Quick Recipes and Easy

How to Cook with Arrowroot

Arrowroot is the name of a plant–scientific name Maranta arundinacea–and also the white powder or starch that is derived from the roots of that plant.

The plant grows abundantly in rainforests of South America and in some of the islands of the Caribbean; it is also cultivated in southeast Asia. Supposedly, native Indians in the West Indies used arrowroot to draw out toxins from their body after being struck by poison arrows; hence the name. It is also called by some the obedience plant.

Arrowroot powder can be bought in cans or packages. Genuine pure arrowroot powder (not arrowroot that has been mixed with potato starch or other adulterants) is light and white, and odorless until cooked. In general it looks and feels very much like cornstarch.

In my kitchen, I like to use arrowroot to thicken sauces, gravies, fruit pie fillings, puddings and glazes. It has no taste of its own, so it is ideal for this job. It is also simple to digest, and should be considered as a substitute for cornstarch or flour when you’re cooking for someone with digestion or allergy problems.

You can substitute arrowroot for flour on a 1-to-3 basis; that is, 1 teaspoon of arrowroot equals 1 tablespoon (3 teaspoons) of flour. Substitute arrowroot for cornstarch on a 2-to-3 basis; 2 teaspoons of arrowroot equals 1 tablespoon (3 teaspoons) of cornstarch.

Boiling arrowroot in water will produce a really brilliant, very smooth jelly. You can use this jelly to make simple fruit gels and jellies. Experiment with adding different fruit flavorings, perhaps sweetening a small with artificial sweetener or sugar. You can make easily digestible treats by this method to offer to children or to people on restricted diets. For a different sort of taste, try boiling up some arrowroot with beef or chicken broth.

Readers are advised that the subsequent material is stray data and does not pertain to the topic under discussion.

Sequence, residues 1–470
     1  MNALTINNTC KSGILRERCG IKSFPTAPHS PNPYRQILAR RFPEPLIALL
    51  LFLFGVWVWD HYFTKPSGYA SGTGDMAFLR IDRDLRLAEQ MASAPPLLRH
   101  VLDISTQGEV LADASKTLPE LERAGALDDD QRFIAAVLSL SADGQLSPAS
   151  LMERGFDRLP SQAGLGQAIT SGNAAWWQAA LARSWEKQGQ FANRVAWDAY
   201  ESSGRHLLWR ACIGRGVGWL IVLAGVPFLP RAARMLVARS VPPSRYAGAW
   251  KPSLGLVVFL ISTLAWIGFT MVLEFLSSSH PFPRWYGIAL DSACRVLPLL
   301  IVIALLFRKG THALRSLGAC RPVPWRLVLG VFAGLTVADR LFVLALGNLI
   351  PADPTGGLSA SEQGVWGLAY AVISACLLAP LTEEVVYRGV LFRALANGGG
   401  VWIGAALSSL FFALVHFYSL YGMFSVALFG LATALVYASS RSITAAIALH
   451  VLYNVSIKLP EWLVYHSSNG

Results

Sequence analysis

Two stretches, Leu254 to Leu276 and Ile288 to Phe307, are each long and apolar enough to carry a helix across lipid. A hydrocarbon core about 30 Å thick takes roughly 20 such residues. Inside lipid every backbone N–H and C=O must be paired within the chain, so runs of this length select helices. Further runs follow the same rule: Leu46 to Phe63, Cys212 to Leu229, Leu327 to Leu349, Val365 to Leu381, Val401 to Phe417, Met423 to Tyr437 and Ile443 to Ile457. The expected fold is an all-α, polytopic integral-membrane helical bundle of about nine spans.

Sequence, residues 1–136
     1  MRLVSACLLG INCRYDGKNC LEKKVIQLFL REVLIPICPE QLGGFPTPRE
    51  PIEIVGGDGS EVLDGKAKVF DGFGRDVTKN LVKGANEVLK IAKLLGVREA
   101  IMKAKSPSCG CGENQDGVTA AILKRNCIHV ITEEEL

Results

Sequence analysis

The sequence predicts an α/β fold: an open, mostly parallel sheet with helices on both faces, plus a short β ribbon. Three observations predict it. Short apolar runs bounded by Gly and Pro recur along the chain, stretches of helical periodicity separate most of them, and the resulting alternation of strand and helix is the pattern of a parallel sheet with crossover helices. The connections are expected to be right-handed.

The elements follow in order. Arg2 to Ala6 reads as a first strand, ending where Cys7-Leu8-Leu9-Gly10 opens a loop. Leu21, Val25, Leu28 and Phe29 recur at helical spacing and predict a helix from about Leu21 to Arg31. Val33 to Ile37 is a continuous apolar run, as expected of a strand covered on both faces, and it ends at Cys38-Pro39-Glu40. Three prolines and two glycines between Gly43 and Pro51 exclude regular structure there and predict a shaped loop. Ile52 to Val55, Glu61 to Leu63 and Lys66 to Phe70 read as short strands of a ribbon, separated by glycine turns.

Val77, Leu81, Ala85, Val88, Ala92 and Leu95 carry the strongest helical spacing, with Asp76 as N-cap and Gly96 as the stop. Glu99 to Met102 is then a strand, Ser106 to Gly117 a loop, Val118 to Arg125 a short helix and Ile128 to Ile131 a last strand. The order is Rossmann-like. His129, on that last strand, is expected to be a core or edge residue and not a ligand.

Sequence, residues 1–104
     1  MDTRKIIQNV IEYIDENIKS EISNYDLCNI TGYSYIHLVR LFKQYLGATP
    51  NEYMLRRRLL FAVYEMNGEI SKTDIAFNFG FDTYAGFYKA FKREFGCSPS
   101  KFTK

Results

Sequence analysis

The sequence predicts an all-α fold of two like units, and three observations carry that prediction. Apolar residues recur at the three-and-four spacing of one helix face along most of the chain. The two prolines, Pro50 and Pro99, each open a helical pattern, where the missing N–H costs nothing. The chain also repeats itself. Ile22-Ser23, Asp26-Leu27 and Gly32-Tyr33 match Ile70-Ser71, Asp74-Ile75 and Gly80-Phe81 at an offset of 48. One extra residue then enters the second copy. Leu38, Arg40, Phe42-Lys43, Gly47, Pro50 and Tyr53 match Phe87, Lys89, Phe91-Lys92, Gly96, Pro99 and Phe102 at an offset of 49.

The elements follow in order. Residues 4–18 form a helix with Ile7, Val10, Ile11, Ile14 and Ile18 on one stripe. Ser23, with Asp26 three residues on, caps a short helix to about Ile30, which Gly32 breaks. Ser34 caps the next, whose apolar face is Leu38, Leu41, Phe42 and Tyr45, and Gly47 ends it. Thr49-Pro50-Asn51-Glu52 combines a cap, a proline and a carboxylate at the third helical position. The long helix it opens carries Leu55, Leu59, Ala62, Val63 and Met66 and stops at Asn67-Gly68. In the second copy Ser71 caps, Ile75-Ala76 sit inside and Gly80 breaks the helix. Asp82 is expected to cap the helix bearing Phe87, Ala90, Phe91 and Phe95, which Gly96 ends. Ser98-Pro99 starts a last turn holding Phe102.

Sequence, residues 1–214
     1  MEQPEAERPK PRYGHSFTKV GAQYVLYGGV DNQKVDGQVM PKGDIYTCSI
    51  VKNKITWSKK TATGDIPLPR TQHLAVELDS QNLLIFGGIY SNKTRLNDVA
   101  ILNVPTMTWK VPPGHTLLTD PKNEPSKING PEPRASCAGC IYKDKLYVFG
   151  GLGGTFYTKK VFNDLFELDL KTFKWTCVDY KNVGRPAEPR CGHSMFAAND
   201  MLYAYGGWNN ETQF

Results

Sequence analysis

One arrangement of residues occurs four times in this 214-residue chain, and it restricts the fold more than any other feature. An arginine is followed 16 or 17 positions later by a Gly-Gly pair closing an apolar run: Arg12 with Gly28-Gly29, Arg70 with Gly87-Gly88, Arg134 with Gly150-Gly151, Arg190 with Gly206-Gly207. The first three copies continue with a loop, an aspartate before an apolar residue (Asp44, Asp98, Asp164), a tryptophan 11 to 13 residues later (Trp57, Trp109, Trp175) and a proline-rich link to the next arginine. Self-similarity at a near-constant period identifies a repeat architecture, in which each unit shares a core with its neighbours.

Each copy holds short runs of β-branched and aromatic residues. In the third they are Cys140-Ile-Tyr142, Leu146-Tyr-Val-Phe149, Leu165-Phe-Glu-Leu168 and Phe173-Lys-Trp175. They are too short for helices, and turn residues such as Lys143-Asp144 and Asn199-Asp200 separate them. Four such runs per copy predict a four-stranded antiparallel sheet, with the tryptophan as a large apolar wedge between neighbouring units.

Here’s my favorite arrowroot tip of all: When you make homemade ice cream, sprinkle a small arrowroot powder into the ice cream mix. If you have any leftover ice cream that you plot to store in the freezer, this will prevent ice crystals from forming in it. Clean!

Sarah Sandori is the food and entertaining columnist for the solid-gold.info/index.html Solid Gold Info Writers Consortium. Have you ever wanted to be able to exactly duplicate a favorite dish from a favorite restaurant? Check out Sarah’s article where she reveals her source for the most mouth-watering secret restaurant recipes in America: solid-gold.info/most-wanted-recipes.html www.solid-gold.info/most-wanted-recipes.html

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